What will be Kenya’s economic growth rate this year? The Central Bank seems more optimistic than the Kenya Bureau of Standards (KEBS) but the difference is not that significant to bother us.
A neutral measure of Kenya’s economic performance would be the number of active WhatsApp harambees. The more they are, the poorer the economic performance. I am sure you are in such a harambee group as you read this.
The economy did badly this year like all global economies. The two national institutions should be happy there is some growth, no matter how minimal. It could have been worse.
They should thank God. Good rains saved the economy from the worst. The partial closure of the economy, which was not as drastic as in some parts of the world left the economy humming. It’s another question how to deal with a new surge in Covid-19 cases.
We can’t forget the resilience of the Kenya people. Left on his own, the average Kenyan decided to go on with economic activities, creating demand for goods and services.
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- 4 Uhuru’s grand plan for reopening of schools
Most Kenyans decided they are essential workers who must work. Within a month, they had to get out of their hideouts, economic reality demanded so.
The weakest link in the economy is politics. Despite all the threats of the Covid-19 to the economy and lives, politicians can’t stop their business. Have our politicians checked out how their peers reacted in times of crisis like war or economic depression? Give credit, a stimulus package was splashed. But more can be done.
My advice, the economy is not yet out of the doldrums. I request Treasury to delay reinstating the old taxes for a year. The low taxes will act as an economic stimulus; money is more efficiently utilised in private hands than in public coffers.
Lower taxes will make Kenyans happy and consume more leading to higher tax revenues. Keeping taxes low is not voodoo economics, just try it!
Someone once told me that politics does not follow the normal rules, expected from a rational human being. Covid-19 seems to have confirmed that. Now, I know why I can’t make a great politician - I am too human.
If I had time, I would spend the rest of my academic life trying to understand the minds of politicians. But as President Moi who interacted with politicians longer once put it, “it’s difficult to understand the African mind.” Why should I embark on a project likely to fail?
The Covid-19 brought out the reality of Kenyan politics and the economy. One would have thought that with a crisis such as Covid-19, we would forget our differences and confront the crisis head-on, try and salvage our economy.
Curiously, politicians had come together earlier through the Building Bridges Initiative (BBI). Is there something in BBI that matters more than a threat to our lives and the economy from Covid-19? My head is spinning…
Let me leave out politics and its intrigues, for now, a behavioural scientist or an idler can take up the challenge. Long before Covid-19, we had accumulated lots of debt and citizens were getting concerned. We set a ceiling of Sh9 trillion. But it’s now nearer than we thought with the economic slowdown.
I have nothing against debt as long as it’s put into the right use. Think of it, with low-interest rates courtesy of Covid-19, would debt not be a source of “cheap money”?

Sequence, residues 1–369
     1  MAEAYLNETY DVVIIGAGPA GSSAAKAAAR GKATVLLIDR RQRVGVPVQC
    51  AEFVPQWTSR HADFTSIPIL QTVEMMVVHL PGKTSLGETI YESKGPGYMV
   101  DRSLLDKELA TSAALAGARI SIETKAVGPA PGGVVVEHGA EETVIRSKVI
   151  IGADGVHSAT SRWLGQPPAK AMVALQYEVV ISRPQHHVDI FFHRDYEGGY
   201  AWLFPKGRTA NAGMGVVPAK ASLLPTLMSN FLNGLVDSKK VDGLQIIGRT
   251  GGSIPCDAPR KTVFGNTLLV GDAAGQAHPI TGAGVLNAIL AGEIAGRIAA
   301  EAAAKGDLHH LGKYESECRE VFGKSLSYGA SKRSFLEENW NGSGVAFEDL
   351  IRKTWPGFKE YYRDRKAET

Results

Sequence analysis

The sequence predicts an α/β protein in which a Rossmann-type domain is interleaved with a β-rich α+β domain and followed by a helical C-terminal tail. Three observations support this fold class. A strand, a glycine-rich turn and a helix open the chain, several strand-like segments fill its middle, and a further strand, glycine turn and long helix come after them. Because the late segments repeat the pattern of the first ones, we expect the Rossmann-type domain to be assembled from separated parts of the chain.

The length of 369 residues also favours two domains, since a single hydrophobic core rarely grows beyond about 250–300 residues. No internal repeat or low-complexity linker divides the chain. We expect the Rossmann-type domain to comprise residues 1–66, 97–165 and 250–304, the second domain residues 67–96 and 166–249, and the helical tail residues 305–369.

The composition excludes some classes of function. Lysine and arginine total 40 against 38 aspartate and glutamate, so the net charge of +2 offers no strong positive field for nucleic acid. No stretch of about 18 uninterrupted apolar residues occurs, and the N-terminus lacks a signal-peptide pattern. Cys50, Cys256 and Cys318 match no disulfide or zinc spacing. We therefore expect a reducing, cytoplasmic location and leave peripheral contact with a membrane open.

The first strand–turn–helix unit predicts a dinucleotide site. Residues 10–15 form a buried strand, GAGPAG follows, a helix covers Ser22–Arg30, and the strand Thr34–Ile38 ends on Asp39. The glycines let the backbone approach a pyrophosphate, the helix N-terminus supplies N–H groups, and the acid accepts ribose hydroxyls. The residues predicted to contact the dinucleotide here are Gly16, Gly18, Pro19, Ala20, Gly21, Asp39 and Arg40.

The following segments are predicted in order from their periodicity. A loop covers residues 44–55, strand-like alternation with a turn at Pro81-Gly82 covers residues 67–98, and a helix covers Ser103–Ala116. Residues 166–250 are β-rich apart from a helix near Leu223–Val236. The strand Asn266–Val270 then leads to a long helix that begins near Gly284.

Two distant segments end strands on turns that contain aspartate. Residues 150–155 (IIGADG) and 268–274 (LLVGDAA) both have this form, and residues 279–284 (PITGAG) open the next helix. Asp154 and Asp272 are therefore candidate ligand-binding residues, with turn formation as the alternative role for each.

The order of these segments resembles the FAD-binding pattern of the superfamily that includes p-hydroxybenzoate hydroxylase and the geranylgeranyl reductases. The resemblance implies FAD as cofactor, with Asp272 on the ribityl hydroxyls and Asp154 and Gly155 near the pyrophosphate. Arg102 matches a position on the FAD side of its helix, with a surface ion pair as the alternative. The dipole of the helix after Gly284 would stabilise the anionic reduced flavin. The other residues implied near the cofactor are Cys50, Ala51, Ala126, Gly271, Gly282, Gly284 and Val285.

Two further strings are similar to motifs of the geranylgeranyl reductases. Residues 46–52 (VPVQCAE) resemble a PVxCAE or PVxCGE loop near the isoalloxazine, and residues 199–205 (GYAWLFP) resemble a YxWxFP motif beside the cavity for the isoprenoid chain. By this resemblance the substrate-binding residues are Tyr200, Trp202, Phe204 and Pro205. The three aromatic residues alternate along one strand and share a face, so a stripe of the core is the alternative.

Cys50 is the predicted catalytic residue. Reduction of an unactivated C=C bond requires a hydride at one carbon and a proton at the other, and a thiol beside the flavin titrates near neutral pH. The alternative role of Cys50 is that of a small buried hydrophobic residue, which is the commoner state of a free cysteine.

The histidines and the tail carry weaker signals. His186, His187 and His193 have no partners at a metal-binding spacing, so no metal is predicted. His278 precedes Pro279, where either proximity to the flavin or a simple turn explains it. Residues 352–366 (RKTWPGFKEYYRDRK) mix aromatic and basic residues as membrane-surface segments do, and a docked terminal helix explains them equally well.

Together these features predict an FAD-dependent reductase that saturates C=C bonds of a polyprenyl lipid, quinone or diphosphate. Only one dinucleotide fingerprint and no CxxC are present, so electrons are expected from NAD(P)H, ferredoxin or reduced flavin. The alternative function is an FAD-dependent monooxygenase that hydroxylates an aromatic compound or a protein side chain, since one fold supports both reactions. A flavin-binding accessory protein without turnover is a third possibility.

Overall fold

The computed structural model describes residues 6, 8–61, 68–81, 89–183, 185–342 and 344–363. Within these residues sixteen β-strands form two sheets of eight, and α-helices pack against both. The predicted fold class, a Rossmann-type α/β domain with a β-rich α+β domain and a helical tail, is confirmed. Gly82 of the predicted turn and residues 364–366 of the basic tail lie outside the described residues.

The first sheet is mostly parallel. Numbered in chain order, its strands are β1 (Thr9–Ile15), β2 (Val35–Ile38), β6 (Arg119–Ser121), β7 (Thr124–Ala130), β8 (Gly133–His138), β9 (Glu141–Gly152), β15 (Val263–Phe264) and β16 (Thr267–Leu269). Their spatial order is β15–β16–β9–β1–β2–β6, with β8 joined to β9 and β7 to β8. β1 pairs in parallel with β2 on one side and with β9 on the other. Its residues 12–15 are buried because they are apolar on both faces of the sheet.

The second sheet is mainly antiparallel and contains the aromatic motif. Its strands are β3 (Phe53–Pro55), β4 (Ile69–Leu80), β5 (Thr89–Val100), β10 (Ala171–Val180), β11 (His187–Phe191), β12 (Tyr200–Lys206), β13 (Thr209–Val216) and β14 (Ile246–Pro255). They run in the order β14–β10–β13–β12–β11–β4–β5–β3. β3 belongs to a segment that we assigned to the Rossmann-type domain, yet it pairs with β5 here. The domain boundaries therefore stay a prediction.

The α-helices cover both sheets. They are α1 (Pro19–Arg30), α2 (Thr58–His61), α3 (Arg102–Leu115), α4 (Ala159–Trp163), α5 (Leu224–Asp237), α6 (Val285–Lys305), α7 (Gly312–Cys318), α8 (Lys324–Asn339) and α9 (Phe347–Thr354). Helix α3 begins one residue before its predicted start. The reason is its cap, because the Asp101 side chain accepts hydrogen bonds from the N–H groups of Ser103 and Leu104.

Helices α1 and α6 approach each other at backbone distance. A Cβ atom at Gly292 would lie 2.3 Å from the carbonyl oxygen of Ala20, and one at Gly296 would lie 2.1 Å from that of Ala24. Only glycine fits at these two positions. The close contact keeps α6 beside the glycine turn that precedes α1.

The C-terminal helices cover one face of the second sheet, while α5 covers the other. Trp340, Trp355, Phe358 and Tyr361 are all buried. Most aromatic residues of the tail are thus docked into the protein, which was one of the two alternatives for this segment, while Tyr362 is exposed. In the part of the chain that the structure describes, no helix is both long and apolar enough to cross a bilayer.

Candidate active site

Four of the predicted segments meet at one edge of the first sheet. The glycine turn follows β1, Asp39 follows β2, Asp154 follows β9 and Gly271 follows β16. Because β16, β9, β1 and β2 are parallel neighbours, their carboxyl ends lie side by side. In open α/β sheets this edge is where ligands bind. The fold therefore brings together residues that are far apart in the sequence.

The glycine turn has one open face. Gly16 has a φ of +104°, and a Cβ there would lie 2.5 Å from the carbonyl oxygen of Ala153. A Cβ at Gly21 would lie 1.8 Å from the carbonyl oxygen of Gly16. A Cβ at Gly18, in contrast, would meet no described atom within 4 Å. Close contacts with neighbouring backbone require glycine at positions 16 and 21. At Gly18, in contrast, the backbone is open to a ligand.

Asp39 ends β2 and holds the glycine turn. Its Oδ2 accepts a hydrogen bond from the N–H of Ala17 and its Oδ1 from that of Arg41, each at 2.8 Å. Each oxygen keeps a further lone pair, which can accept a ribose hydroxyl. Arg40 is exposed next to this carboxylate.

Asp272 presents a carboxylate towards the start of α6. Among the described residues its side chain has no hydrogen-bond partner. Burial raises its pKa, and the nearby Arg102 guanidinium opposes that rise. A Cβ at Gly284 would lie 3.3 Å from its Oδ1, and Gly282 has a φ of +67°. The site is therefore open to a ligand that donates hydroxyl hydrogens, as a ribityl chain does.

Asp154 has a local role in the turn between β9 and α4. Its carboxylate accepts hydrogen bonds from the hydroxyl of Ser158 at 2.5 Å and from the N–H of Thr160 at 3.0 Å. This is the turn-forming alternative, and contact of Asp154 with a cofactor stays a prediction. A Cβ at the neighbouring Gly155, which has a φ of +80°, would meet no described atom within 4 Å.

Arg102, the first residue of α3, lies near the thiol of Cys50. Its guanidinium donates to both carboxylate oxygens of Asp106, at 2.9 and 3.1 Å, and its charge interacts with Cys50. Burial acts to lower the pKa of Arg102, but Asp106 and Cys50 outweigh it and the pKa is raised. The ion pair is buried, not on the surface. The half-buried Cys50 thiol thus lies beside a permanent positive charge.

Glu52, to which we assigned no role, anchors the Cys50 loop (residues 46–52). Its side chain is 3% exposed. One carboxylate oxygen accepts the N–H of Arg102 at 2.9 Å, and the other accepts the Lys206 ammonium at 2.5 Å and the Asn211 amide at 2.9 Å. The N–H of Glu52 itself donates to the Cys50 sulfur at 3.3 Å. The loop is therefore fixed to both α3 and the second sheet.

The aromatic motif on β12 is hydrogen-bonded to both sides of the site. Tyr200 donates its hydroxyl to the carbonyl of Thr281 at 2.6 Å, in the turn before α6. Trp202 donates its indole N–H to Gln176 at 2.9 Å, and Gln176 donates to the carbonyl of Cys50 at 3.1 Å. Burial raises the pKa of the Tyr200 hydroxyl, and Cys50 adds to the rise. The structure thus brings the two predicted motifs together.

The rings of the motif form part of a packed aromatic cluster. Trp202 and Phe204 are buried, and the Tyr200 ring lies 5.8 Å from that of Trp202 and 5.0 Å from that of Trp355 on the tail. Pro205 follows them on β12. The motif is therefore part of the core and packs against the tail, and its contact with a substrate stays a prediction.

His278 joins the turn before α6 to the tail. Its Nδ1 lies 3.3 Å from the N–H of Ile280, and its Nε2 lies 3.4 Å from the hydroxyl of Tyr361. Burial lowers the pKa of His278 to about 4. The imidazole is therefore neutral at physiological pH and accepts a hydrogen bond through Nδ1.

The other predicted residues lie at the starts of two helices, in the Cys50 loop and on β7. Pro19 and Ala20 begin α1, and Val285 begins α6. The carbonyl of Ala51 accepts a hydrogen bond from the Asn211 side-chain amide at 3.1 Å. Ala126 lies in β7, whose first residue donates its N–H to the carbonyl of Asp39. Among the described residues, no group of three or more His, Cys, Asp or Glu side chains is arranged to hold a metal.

Amidst our debt, the International Monetarily Fund (IMF) and World Bank have come in. If you are young enough like me, you can recall the 1980s and early 1990s when two institutions made our politicians shake in their boots.
The two demanded structural changes in our economy. They advocated more private sector driven economy. Taxes went up and subsidies were reduced. Exchange controls were dispensed with.
We started paying for university education, medical and other services that used to be “free”. It was a bitter pill. It mirrored what happened in Russia as it shifted from command system to market economy.
Price controls were relaxed and the price of basic commodities from sugar to unga went up but shortages ended.
One of the bitterest pills was a retrenchment, where State staff had to be let go. If the IMF repeats that demand with our counties and their employees, it could be some drama.
In the private sector, bad economic times usually lead to job losses. It’s hard in the public sector for political reasons.
The return of Bretton Woods Institutions is a sign that we need to turn around our economy, with or without Covid-19. It is another question who will bell the cat.
Beyond more borrowing, can we reduce waste? Are there services that are replicated at the two levels of the government? Are there jobs that can be combined?
Can counties share some services? Can we start driving Vitz instead of V8? Can we reduce the “ceremonies” in governments and the costs thereof? What of graft? The economic pains will now force governments to act.
Be sure, some heads will roll as negotiations with IMF and World Bank go on. The alternative is higher taxes. With fewer jobs, tax revenues will go down. A big dilemma for the State is retracting Covid-19 tax reliefs.
The State does not have the flexibility of the private sector. But with Covid-19, we have to make hard decisions. One wishes we had made them when there was no crisis. Is this our moment of truth?
I do not envy politicians but they must turn around the economy before 2022 when voters could punish them. Squeezed between voters who have become enlightened and lenders who must safeguard their money, the government does not have lots of option.
They have to make hard decisions. Faced with such a crisis, Kenya has no choice but to become a modern nation.
- The writer is an associate professor at the University of Nairobi. [email protected]